Update: Don't jump to conclusions

1st October 2019. See article from techdirt.com

No, The New Agreement To Share Data Between US And UK Law Enforcement Does Not Require Encryption Backdoors

It's no secret many in the UK government want backdoored encryption. The UK wing of the Five Eyes surveillance conglomerate says the only thing that should be absolute is the government's access to communications . The long-gestating Snooper's Charter frequently contained language mandating lawful access, the government's preferred nomenclature for encryption backdoors. And officials have, at various times, made unsupported statements about how no one really needs encryption , so maybe companies should just stop offering it.

What the UK government has in the works now won't mandate backdoors, but it appears to be a way to get its foot in the (back)door with the assistance of the US government. An agreement between the UK and the US -- possibly an offshoot of the Cloud Act -- would mandate the sharing of encrypted communications with UK law enforcement, as Bloomberg reports .

Sharing information is fine. Social media companies have plenty of information. What they don't have is access to users' encrypted communications, at least in most cases. Signing an accord won't change that. There might be increased sharing of encrypted communications but it doesn't appear this agreement actually requires companies to decrypt communications or create backdoors.

 

 

Offsite Article: Encryption is dead at the hands of Facebook...


Link Here 29th July 2019
If Facebook can 'filter' or 'backup' your 'encrypted' communications then this proves that encryption is compromised, as does continued operation in any country that demands backdoors

See article from forbes.com

 

 

Offsite Article: Don't Let Encrypted Messaging Become a Hollow Promise...


Link Here 20th July 2019
The EFF publishes a technical discussion on how the authorities are circumventing encryption used by messaging services

See article from eff.org

 

 

Offsite Article: Censorship by the back door...


Link Here29th May 2019
Facebook Is Already Working Towards Germany's End-to-End Encryption Backdoor Vision

See article from forbes.com

 

 

Standard US practice...

International standards organisation fends of US pressure to implement seemingly backdoored US encryption standards for the Internet of Things


Link Here26th April 2018
Two new encryption algorithms developed by the US NSA have been rejected by an international standards body amid accusations of threatening behavior.

The Simon and Speck cryptographic tools were designed for encryption of the Internet of Things and were intended to become a global standard.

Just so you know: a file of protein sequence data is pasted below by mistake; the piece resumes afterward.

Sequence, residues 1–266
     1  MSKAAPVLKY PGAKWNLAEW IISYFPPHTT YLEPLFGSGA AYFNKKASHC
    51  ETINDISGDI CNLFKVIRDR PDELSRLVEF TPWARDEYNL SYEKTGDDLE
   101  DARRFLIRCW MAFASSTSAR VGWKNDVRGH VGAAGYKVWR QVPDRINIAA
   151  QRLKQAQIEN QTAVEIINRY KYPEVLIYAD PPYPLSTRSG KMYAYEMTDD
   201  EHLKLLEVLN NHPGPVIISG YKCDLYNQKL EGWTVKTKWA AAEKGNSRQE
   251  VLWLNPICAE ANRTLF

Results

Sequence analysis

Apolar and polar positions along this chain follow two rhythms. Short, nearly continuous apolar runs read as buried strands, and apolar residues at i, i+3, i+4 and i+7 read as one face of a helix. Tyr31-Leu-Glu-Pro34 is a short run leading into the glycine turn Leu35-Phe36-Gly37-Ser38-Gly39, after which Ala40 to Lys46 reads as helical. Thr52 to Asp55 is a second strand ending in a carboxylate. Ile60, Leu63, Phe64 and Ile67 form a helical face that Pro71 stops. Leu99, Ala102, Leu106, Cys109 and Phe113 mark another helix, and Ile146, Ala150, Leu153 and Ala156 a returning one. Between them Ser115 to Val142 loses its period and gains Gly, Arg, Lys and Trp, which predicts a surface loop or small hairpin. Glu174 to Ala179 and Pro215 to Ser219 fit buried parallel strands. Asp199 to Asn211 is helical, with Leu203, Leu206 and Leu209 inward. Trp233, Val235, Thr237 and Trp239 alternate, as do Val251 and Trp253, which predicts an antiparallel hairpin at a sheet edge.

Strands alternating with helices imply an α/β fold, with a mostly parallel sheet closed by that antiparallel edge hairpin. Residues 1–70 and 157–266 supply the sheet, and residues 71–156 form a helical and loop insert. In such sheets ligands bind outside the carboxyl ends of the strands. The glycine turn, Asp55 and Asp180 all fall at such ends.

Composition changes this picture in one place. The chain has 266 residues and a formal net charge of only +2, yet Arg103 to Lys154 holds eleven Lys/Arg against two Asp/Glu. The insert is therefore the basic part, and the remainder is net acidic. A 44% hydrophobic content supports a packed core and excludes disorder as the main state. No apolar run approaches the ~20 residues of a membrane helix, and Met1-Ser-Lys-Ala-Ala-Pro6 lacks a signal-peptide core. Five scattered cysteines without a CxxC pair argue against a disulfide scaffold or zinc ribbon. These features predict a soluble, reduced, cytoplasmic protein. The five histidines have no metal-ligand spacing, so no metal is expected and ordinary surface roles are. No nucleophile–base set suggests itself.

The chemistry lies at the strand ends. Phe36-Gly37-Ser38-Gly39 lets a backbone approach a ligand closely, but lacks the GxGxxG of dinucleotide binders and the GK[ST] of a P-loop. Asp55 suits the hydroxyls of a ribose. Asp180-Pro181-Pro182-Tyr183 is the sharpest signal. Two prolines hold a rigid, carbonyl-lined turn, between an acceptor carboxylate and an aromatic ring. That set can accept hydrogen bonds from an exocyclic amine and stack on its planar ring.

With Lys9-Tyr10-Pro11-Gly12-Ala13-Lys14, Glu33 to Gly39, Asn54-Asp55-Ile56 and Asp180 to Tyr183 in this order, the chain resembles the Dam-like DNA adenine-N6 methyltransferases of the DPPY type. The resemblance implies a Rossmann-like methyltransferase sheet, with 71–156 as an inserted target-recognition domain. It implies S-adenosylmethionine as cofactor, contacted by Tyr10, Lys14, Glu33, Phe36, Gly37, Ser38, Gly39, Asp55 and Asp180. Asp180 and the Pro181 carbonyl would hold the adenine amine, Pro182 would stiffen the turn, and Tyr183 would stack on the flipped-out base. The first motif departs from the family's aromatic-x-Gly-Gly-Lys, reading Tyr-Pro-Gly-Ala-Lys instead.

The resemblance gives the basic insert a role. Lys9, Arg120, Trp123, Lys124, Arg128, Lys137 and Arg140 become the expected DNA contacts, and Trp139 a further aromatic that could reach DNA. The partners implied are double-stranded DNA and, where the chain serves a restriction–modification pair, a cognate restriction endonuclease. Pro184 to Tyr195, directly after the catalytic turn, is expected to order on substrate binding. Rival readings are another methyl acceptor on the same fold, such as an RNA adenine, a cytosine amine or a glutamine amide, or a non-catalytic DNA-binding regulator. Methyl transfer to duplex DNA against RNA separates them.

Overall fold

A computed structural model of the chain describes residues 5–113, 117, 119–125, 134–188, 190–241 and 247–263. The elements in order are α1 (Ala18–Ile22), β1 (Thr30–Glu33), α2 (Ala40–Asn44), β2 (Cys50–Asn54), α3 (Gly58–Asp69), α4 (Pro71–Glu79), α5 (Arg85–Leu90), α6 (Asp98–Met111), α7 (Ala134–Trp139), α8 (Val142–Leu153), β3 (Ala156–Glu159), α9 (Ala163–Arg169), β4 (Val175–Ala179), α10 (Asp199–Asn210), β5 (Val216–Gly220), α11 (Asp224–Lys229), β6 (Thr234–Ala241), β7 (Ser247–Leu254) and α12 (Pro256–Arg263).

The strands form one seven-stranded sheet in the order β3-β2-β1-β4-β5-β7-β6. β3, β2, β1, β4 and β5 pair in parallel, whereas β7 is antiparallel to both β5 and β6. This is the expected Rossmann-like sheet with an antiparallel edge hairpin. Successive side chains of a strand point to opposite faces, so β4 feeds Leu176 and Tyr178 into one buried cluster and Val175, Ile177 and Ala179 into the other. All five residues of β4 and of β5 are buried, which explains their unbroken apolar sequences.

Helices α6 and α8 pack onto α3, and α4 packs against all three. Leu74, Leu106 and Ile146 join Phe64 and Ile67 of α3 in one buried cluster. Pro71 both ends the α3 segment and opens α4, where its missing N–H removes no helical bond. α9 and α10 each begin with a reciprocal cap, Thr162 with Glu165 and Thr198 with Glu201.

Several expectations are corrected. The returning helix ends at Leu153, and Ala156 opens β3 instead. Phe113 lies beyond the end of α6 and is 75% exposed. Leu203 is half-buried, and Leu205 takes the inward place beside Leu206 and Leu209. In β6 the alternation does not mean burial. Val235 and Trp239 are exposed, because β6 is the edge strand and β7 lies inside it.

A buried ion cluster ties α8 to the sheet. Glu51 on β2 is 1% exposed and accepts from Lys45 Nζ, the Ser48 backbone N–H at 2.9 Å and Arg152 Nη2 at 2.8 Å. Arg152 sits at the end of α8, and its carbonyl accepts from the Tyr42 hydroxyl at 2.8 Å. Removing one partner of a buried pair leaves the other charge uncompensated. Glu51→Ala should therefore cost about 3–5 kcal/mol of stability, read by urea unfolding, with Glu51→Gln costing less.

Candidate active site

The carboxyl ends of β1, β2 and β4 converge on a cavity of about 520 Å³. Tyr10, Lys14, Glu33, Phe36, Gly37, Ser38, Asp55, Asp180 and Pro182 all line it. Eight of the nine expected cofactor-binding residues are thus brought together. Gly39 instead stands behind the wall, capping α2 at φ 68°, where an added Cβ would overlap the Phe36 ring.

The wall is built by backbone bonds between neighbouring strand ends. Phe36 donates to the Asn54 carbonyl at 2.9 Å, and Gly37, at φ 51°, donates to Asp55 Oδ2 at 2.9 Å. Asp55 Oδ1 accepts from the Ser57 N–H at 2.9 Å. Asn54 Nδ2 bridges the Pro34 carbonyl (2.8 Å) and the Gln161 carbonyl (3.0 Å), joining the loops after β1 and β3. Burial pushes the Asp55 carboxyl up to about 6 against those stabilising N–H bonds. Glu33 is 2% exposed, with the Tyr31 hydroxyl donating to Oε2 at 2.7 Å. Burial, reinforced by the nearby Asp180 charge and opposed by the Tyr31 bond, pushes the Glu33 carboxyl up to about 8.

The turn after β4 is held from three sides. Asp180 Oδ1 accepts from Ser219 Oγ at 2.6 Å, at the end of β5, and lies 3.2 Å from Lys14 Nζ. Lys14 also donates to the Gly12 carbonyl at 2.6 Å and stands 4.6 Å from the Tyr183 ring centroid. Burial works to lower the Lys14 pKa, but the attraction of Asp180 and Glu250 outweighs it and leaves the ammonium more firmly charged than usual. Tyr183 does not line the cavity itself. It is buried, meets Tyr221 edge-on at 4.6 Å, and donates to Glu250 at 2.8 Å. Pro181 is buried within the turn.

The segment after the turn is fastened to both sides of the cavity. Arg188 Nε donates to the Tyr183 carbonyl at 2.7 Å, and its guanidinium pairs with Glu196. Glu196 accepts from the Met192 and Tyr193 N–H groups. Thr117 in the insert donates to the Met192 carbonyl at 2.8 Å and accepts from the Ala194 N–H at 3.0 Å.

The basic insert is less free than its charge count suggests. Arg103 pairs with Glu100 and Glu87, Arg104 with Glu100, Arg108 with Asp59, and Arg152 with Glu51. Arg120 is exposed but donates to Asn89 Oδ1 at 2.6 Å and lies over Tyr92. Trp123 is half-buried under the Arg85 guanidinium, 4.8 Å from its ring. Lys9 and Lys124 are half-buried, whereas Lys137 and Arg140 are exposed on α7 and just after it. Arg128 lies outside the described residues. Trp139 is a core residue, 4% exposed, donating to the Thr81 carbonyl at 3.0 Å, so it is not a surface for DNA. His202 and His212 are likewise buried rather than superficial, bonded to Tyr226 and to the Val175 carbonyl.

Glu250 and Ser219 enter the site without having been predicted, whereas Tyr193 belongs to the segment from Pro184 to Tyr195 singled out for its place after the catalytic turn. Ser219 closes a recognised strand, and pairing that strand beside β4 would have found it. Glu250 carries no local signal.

But the pair of techniques were formally rejected earlier this week by the International Organization of Standards (ISO) amid concerns that they contained a backdoor that would allow US spies to break the encryption. The process was also marred by complaints from encryption experts of threatening behavior from American snoops.

When some of the design choices made by the NSA were questioned by experts, the US response was to personally attack the questioners. While no one has directly accused the NSA of inserting backdoors into the new standards, that was the clear suspicion, particularly when it refused to give what experts say was a normal level of technical detail. It took 3 years for the ISO to extract technical details about the encryption. But by then the trust had been undermined and the vote went against the standards at a meeting in the US late last year.

 

 

Update: Opening a new front in the war against internet censorship...

Signal encrypted messaging app acts to counter blocking by internet censors in Egypt and UAE


Link Here22nd December 2016
Signal, an encrypted messaging apt for mobile devices had its service blocked in Egypt and UAE.

Now Signal have responded by making a new release available to those territories that should make the censors thinks twice before reaching for the block option.

The new Signal release uses a technique known as domain fronting. Many popular services and CDNs, such as Google, Amazon Cloudfront, Amazon S3, Azure, CloudFlare, Fastly, and Akamai can be used to access Signal in ways that look indistinguishable from other uncensored traffic. The idea is that to block the target traffic, the censor would also have to block those entire services. With enough large scale services acting as domain fronts, disabling Signal starts to look like disabling the internet. When users in the two countries send a Signal message, it will look like a normal HTTPS request to www.google.com. To block Signal messages, these countries would also have to block all of google.com.

Update: Cuba and Oman

1st January 2017 See  article from engadget.com

Signal , the messaging app that prides itself on circumventing government censorship, has a few new places where its flagship feature works. Last week it was Egypt, and now users in Cuba and Oman can send messages without fear of them being intercepted and altered by lawmakers.

 

 

Update: Endangering the people...

Hungary proposes that people should be denied the security of encryption and be more open to scammers and thieves


Link Here10th April 2016
The Hungarian ruling party wants to ban all working crypto. The parliamentary vice-president from Fidesz has asked parliament to:

Ban communication devices that [law enforcement agencies] are not able to surveil despite having the legal authority to do so.